Those of you who follow this blog1 may have noticed that I kinda pooped out on posting during GenCon this year. The fact of the matter is that I just got too tired, and too busy, to keep it up regularly. So, I figure that I owe you folks a wrap-up post, talking about what I saw and did at GenCon this year.
Overall, it was a fun show. I got see a lot of my GenCon friends, and see a lot of neat games, and eat some good food, and stuff like that. There are a few things I want to call out specifically as being awesome2 at the show, though:
Kickstarters and Preorders
I have said previously that some of the joy of GenCon has evaporated now that game companies don’t feel the need to launch their big, cool stuff at the show. With the advent of web sales and preorders and Kickstarter, it’s not as vital a push for a company to have the new hotness launching during GenCon. Last year, I already owned pretty much everything I was interested in getting before the show.
This year started to seem to be the same, but then a number of companies started sending out e-mail, offering the option of picking up preorders3 and Kickstarter rewards at GenCon. I jumped on board with that idea, and the first day of shopping, I wound up with a respectable stack of books and games that I had already paid for – it was like a free shopping spree.
This did a surprising amount to redeem the feelings of excitement and expectation that had been cooling over previous years. I really hope the trend works out well for the various publishers who did this, because I really liked it.
Games on Demand
I talked a bit about this last year, but I’m going to talk about it some more this year. I think this may be the single greatest thing on offer at GenCon, for a variety of reasons, but mainly because it gives folks a chance to try a bite-sized piece of games that they ordinarily wouldn’t get to4 play. I spent Thrusday, Friday, and Saturday evening hanging out there, playing some great games, and the folks running it did yeoman duty in the face of high demand, confused participants, and the whining of entitled gamers. I cannot praise them highly enough for keeping things running, and keeping their spirits up.
They had a new priority system in place this year, where people could stop by a little early to pick up a boarding pass, then come back just before the session started and pick their preferred game from the offerings in the order of the boarding pass they had5. Then you find your table and you play.
Demand was much higher this year than last year, and there was always a crowd around the table long before the boarding passes started getting called. Only once did I make it into my first choice of game, but there was always something interesting and fun to try, and even right at the end, there were a couple of choices open to most folks.
Atomic Robo RPG
My first night at Games on Demand, I got to play in a session of Atomic Robo The Roleplaying Game, run by Morgan Ellis, one of the designers. He offered us two choices of scenario, and we chose the 1950s scenario, whose title was something like The Abominations That Ate AlbuquerqueÂ ((The other scenario sounded pretty cool, too, set in modern Japan, where we would play Science Team Super Five)). I actually got to play Atomic Robo himself, and it was pretty awesome.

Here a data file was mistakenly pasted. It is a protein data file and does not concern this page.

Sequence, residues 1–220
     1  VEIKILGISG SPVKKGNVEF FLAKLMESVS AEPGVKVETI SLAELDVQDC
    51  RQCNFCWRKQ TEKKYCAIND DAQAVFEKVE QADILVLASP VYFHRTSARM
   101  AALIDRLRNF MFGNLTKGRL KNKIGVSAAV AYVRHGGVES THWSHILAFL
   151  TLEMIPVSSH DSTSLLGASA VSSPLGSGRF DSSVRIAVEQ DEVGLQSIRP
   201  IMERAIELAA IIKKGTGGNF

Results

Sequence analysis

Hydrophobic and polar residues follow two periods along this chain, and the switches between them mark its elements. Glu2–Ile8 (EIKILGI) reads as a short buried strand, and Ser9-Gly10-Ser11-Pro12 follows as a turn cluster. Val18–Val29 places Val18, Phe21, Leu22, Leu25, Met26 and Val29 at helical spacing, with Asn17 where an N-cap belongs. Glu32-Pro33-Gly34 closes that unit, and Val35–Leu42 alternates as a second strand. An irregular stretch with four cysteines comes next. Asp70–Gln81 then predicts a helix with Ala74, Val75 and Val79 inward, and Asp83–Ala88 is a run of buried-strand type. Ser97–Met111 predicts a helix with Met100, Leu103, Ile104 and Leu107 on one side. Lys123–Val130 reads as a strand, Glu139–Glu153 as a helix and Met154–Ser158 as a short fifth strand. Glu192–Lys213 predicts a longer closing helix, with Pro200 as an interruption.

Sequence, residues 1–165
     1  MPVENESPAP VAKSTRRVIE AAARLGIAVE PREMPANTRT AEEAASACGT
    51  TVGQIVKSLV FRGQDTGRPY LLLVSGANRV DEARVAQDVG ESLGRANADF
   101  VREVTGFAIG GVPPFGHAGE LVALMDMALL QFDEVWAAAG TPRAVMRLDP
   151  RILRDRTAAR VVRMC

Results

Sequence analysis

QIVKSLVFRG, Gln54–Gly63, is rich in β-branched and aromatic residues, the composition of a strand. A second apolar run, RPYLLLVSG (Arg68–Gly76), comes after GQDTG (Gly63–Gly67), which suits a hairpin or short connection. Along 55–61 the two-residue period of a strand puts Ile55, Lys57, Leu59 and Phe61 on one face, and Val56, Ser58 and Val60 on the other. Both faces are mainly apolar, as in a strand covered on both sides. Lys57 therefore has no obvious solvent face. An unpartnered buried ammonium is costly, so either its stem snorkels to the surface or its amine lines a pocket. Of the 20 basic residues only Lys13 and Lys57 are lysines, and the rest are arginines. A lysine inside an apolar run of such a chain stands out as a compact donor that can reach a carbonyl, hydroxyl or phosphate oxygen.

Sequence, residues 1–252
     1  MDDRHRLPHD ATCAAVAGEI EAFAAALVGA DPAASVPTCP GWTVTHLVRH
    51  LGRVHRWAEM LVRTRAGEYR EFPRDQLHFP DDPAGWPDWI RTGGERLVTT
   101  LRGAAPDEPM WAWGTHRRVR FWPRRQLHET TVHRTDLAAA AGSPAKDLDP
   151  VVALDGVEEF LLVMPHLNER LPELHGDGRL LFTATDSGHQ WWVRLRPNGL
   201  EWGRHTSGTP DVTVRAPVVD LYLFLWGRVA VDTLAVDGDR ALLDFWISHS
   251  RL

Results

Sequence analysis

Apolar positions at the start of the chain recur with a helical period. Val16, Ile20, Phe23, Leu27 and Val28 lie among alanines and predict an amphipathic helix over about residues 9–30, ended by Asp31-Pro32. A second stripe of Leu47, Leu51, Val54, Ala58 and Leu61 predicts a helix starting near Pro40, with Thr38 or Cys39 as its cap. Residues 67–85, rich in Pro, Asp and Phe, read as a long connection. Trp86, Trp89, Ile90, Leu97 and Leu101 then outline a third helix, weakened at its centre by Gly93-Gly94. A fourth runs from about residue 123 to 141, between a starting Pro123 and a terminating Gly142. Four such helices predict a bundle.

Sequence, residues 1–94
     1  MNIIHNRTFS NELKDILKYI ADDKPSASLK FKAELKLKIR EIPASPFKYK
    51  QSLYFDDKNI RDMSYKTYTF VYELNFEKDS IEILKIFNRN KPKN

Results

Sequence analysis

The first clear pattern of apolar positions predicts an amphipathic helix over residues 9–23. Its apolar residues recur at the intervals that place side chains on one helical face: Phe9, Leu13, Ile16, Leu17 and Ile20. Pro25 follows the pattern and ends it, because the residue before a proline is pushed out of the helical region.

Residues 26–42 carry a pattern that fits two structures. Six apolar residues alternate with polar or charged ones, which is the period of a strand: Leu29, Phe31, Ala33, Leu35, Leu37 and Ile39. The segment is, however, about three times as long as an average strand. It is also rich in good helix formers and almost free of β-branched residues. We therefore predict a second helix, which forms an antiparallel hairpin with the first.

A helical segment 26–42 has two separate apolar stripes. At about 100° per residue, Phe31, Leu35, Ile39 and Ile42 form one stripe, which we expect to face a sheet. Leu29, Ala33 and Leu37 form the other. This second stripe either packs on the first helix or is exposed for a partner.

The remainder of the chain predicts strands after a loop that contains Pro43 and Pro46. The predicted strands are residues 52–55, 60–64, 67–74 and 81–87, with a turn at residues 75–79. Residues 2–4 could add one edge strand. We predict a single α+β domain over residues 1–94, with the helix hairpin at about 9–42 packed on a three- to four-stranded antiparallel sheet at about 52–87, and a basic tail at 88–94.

Edit: I received word from Morgan Ellis that he is NOT one of the designers of ARRPG. He is listed on the product page because he produced some of the stat blocks used in the game. I apologize for misunderstanding. Still, getting stat blocks in the game is not nothing, and he did run a great game.
The game is Fate-based, but tweaked to emulate the action science and comedy of the comic books. We had pregen characters, but looking at the sheets, character generation seems pretty quick, picking a number of roles – like Action, Science, and Banter – and prioritizing them on your sheet, which then grants you ranks in various skills. There are, of course, aspects and stunts involved, too – this is a Fate-based game, after all.
Now, I’ve run an awful lot of Fate games, but this was actually my first time playing one, and it was great. The system nicely captures the mix of comedy and action that drives the comic book, and gives the same importance to science that makes the comic stand out in that regard. I got to use my Fancy Robot Eyes to analyze cow carcasses, wrestle with giant wasp larvae, crack wise with the ranchers, ride a horse, and blow up a Buick dealership to kill the queen wasp.
One especially neat innovation of this game is the brainstorming mechanic. This often happens in concert with other scenes, and is where the scientists try to figure out what is going on. It is, in essence, an extended declaration, where players get a chance to spin a theory based on evidence gathered, and roll to see if it’s true. It cycles through this idea a few times, allowing you to refine your theory and build a plan based upon it, and, in the end, you wind up with an aspect based on your theories that you can invoke6 when you put your plan into action.
This means that, though the GM will have a default plan for what’s going on, the brainstorming session by the scientists may, in fact, change what’s true. And I think that’s awesome, both as GM and as player.
The show saw the release of Gaming in the ‘Verse: Firefly Gen Con 2013 Exclusive. This is a teaser product, giving people who are too excited to wait for February a chance to try the new Firefly RPG early. I picked a copy up, and got to play in a game on Saturday night, run by Rob Wieland, the line developer on theÂ Echoes of War series of adventures for the Firefly RPG.
The book is very well done for its purpose. You get enough rules and material not only to run the two adventures included in the book, but also to create your own characters and run a campaign. There aren’t as many resources and options as are going to be in the core book, but there literally is enough here that you could play for an extended time without needing anything else. Balancing that is the fact that, the way things are presented, the exclusive makes you want the core book, not because the exclusive is lacking stuff, but because the cool stuff in the exclusive promises even more cool stuff in the core book.
And that’s the way to hook a customer with a teaser product.